At the same time I had an acquaintance by the name of Cosmo who read at the same open mikes I did. He liked my writing and one night leaned over and muttered that he had recommended my name to some Who's Who list that he was on. I, of course, thought that was appropriate and showed my approval by a quick nod and mumbled something like Cool. Thanks. A few months later I got an invitation from a publisher in the UK. I was to submit my bio and list of published works for inclusion in two separate upcoming editions of Who's Who, I think one for poetry and the other women writers. I can't remember clearly.

And I don't remember who the publisher was. They were in Cambridge and their presentation was nice but I figured that if they were willing to include me sight unseen, it must have been a scam; one of those offers where they put your name in their big expensive book and then sell it to you so that you can leave the garish, gilded volume laying casually on your coffee table so your friends will notice it. I filled out the forms anyway and I'm sure you have already guessed my dilemma. Should I be a literalist and include only the things that have already made it into print (at that time individual poems mostly published in the local alt newspaper) or include titles of upcoming books I was planning to publish on my letterpress? I did wrestle with the question for at least minutes and then decided that, after all, I need to demonstrate faith in myself and so hurriedly jotted down the future titles and dashed the letter to the box before I could change my mind. So titles I've got.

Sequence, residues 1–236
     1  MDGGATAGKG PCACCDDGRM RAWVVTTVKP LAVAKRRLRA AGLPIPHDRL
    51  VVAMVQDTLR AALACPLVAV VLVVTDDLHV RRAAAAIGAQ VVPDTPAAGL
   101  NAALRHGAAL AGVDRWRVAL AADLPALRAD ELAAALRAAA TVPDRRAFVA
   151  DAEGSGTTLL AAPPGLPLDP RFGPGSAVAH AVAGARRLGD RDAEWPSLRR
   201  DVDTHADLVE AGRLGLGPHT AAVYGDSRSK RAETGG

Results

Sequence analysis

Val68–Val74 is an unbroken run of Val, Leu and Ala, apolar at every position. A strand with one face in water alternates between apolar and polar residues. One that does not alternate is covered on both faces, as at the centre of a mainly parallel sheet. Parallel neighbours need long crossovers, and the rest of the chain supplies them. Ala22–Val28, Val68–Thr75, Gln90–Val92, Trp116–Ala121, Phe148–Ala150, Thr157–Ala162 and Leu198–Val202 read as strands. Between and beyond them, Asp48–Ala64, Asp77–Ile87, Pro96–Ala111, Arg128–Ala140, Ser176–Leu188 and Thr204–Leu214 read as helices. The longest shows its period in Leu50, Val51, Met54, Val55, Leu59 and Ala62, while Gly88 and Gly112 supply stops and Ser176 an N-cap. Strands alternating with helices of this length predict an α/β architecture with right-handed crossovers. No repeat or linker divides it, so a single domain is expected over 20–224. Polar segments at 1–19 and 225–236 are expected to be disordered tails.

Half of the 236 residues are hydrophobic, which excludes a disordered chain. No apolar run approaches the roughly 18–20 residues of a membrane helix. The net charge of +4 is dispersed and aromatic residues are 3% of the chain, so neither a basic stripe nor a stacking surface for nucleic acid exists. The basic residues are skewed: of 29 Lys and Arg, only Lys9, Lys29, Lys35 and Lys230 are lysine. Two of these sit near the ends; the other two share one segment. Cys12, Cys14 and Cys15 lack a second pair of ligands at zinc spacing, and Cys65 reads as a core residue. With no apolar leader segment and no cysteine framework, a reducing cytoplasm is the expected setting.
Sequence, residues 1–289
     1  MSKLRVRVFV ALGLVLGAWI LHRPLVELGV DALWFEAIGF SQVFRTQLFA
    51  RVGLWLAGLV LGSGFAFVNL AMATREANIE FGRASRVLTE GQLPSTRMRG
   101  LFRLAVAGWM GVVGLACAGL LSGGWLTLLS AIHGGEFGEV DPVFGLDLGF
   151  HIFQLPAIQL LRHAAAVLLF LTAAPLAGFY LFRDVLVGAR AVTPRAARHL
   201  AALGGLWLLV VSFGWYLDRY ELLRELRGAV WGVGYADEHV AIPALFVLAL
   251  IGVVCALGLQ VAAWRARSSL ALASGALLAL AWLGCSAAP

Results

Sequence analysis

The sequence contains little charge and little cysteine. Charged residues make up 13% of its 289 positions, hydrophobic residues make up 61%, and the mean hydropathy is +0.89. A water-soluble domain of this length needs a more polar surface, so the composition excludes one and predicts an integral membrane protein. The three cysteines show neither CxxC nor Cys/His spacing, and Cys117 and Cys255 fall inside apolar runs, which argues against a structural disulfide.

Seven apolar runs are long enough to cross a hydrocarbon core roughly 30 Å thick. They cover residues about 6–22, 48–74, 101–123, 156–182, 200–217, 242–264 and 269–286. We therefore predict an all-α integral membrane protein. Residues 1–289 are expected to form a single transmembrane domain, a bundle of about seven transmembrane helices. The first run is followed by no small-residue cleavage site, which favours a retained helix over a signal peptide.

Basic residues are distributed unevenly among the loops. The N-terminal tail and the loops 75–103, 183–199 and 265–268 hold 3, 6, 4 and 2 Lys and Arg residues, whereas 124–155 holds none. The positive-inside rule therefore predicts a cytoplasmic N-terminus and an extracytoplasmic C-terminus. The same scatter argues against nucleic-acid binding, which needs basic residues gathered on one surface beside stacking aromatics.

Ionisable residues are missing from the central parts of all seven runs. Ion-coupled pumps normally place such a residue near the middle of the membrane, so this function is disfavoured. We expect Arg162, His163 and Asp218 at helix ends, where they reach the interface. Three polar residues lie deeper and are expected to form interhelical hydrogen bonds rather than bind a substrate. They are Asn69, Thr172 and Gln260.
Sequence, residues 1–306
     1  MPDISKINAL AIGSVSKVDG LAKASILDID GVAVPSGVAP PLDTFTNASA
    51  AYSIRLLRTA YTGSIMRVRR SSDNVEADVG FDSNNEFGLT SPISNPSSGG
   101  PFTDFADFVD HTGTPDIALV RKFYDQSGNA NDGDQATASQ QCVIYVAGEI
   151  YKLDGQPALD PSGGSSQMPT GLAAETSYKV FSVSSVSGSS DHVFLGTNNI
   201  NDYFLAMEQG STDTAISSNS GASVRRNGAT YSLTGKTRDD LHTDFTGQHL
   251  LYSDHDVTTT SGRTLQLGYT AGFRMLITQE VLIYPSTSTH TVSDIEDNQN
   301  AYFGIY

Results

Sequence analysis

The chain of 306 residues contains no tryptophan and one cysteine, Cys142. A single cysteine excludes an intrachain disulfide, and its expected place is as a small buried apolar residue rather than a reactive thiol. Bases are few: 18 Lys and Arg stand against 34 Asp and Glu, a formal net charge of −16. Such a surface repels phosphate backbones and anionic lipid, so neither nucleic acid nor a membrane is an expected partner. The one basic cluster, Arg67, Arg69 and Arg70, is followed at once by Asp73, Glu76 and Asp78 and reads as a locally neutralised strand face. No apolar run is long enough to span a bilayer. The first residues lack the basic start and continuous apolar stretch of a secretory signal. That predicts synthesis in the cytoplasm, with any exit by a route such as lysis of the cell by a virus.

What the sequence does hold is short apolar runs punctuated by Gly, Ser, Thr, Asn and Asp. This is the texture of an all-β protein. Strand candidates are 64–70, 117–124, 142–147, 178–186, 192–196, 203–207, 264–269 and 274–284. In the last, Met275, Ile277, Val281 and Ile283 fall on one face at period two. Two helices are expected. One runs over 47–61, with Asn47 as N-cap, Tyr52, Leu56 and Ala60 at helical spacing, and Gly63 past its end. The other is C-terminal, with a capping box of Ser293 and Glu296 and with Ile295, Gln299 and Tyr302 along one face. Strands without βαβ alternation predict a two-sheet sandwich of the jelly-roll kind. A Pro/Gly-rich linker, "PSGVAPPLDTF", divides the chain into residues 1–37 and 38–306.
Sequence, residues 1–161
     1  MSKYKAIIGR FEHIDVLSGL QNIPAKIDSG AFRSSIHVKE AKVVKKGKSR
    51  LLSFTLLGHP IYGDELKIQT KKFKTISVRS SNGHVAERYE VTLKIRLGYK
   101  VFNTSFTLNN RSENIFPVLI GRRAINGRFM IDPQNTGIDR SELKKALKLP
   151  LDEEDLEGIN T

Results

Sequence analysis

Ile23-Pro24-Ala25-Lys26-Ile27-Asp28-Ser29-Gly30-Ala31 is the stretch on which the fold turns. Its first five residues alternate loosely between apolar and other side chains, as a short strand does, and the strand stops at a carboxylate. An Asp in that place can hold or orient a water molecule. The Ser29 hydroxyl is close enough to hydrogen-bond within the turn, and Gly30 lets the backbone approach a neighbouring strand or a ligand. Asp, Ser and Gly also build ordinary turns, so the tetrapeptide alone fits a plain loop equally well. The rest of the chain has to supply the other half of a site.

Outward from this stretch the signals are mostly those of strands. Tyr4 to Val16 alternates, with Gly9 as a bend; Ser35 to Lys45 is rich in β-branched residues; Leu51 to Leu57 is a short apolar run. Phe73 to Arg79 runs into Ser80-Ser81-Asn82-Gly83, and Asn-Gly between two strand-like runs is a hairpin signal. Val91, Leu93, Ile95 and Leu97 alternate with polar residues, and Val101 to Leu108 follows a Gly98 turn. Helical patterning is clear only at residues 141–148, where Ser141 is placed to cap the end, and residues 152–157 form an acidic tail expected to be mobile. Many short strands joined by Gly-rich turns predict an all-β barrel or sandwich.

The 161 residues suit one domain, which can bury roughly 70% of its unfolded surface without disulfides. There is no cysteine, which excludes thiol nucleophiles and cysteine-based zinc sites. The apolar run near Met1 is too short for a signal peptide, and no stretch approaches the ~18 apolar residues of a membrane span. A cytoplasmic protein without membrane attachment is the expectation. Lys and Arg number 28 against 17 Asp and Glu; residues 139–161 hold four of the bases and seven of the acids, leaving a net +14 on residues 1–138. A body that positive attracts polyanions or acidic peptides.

To date in ... um .... reality? ... I do finally have a (draft) edition of a chapbook titled After Hours. I printed it years after SkyRiver Press died and resurrected as a digital entity but those old titles for the Who's Whos are a wash. I listed several but only remember one, Watch Fire, and cringe as I write it. Obviously, I was not on the moral high ground at the time but what the heck? That is proven slippery ground for mortals such as I.

Thursday, September 20, 2007

Ah...somebody worse than me

Unless you are a regular reader here, you might not be aware of just how much I agonize over the irritation my Bird Park causes Mr. Lee. I feel bad. I really do. It's too much for this kind of neighborhood. We should move to a funky place in the country. I even feel bad for my fussy neighbor when he runs the birds off so recently I cut the seed back by 2/3s to reduce the visitors I get in a day. So far, I just can't bring myself to stop feeding them altogether. I would be very lonely without them hopping around looking for goodies, feeding their squawking babies, taking cold tubs, dirt baths, singing. Even the little skirmishes that break out are entertaining because nobody really gets hurt. Now Mr. Lee has stopped bitching so much and I haven't seen old Dick out there shooing everybody away so, for the moment, we are back in a groove.